GRAND RAPIDS, Mich. — You have to drive all the way to the banks of the Grand River — and travel back four decades — to get the full meaning of the national furor over electronic surveillance. For here, within the walls of the Gerald R. Ford Presidential Museum, are the artifacts that transformed the lawmaker from Michigan’s fifth congressional district into the 38th president of the United States — and that provide the evidence from 1972 that explains the importance of the debate in 2013.
Presidential museums often are palaces of the pretend, but the Ford Museum is a metaphor for the understated nature of the Grand Rapids congressman who was catapulted into the presidency during the gravest constitutional crisis of our history.
The implements that began that crisis, its raw materials, are in a glass display case here. They are a pair of long-nose pliers, a Phillips-head screwdriver and some crude listening bugs placed in two tubes of Chap Stick. Later, a Sony four-speed Servo Control tape recorder, also on display here, with a red button emblazoned “REC,” helped bring down Richard M. Nixon. Watergate was about many specifics, but its spirit was secret surveillance.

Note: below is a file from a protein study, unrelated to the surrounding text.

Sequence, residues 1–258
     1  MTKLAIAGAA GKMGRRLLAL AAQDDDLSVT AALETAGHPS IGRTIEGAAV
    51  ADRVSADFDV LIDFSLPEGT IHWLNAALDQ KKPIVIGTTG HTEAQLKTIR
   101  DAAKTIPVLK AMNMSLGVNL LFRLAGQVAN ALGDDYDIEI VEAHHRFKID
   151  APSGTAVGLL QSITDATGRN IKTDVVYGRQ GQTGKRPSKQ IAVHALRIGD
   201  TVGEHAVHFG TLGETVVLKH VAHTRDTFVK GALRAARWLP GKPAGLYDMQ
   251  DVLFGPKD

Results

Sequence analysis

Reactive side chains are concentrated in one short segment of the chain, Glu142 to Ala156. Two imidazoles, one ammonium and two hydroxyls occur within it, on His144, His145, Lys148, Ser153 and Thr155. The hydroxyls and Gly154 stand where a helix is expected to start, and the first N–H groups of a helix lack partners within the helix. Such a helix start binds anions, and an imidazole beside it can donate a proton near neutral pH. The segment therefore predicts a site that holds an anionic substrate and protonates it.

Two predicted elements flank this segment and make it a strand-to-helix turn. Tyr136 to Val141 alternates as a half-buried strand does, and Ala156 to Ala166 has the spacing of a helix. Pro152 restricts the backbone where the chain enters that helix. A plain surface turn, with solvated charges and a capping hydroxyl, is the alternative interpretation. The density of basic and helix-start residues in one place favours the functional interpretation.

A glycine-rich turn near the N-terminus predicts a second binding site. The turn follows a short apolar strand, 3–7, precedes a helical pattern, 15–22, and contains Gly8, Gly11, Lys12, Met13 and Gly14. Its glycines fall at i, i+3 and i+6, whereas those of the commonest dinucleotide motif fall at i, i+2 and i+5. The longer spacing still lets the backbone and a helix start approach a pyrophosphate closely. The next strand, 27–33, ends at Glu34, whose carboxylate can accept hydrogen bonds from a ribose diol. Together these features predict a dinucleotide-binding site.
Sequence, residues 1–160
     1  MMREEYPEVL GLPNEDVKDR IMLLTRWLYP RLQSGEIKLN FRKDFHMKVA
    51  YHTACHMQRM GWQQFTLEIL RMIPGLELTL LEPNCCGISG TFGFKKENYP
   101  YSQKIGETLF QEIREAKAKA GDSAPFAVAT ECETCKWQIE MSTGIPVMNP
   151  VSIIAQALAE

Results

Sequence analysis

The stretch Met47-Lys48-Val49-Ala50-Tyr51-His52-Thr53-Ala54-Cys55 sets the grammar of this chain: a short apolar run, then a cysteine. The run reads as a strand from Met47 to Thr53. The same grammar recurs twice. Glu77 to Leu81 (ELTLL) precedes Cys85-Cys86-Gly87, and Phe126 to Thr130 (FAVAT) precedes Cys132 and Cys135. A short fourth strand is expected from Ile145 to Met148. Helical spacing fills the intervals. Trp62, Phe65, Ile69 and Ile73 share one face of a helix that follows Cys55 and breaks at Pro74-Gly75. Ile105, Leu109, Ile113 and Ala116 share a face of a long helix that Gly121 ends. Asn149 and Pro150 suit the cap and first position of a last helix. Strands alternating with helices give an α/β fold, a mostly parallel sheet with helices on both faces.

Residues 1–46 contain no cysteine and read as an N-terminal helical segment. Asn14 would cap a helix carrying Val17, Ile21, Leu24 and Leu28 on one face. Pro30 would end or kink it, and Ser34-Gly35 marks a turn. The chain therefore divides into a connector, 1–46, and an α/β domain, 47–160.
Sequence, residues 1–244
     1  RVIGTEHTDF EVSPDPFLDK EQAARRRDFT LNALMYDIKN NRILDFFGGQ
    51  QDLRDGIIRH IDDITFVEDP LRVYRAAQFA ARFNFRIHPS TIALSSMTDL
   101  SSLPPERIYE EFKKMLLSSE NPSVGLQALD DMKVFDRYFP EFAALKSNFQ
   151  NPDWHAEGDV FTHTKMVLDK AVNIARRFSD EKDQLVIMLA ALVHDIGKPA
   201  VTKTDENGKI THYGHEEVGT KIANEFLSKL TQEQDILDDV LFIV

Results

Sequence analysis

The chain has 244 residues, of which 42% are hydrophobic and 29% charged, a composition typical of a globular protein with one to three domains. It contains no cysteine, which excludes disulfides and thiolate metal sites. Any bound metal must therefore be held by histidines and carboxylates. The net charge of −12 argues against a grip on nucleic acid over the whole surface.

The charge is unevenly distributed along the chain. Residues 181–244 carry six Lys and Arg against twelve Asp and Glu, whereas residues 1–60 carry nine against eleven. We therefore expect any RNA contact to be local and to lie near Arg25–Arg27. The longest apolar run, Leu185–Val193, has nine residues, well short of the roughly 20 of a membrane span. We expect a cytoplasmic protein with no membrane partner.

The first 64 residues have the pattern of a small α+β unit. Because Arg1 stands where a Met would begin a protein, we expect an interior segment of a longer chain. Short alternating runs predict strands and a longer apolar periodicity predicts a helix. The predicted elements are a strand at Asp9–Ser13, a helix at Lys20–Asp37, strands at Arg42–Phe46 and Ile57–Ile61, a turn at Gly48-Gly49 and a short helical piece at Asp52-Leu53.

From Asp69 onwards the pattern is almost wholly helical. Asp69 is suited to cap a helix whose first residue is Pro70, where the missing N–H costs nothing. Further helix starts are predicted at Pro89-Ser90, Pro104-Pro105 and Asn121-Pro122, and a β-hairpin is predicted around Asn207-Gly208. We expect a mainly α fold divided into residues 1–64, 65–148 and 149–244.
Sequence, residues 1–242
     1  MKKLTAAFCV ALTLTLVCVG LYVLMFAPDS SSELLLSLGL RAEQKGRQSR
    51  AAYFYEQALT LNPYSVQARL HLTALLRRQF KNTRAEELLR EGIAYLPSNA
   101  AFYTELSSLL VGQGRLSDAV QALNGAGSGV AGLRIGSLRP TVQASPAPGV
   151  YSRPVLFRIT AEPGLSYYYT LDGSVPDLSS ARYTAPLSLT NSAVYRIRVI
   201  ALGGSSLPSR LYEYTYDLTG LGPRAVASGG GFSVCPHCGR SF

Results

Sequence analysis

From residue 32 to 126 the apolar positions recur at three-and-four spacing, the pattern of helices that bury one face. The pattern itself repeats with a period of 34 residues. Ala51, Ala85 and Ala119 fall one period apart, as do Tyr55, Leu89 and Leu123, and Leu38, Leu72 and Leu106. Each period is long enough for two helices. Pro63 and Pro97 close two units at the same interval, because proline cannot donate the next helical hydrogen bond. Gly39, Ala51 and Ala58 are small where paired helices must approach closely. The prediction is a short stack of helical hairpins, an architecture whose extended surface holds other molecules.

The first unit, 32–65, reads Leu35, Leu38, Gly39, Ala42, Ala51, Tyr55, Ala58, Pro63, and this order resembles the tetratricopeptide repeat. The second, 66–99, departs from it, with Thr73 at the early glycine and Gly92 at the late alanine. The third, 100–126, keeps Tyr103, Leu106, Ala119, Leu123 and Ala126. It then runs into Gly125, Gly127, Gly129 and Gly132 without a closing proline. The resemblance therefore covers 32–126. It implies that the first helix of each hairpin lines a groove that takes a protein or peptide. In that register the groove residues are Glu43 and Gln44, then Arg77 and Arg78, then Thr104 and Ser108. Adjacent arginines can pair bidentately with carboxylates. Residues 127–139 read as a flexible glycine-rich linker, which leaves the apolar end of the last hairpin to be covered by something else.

Now, the 44th president, Barack Obama, 10 years old when the burglars entered the Watergate suite, is engulfed by questions about secret surveillance of an entirely different magnitude. If it is unseemly how his critics on the right are rushing toward impeachment talk, it is equally unseemly for his supporters on the left to brush away the issues this new set of questions have raised.
The politics will take its own course, and given the nature of contemporary Washington, we can bet that the big issues will be ignored and the little issues will be pressed for mean partisan advantage. It would be the same if a Republican were in the White House. The atmosphere is that bad and the instincts of the principals are that puerile.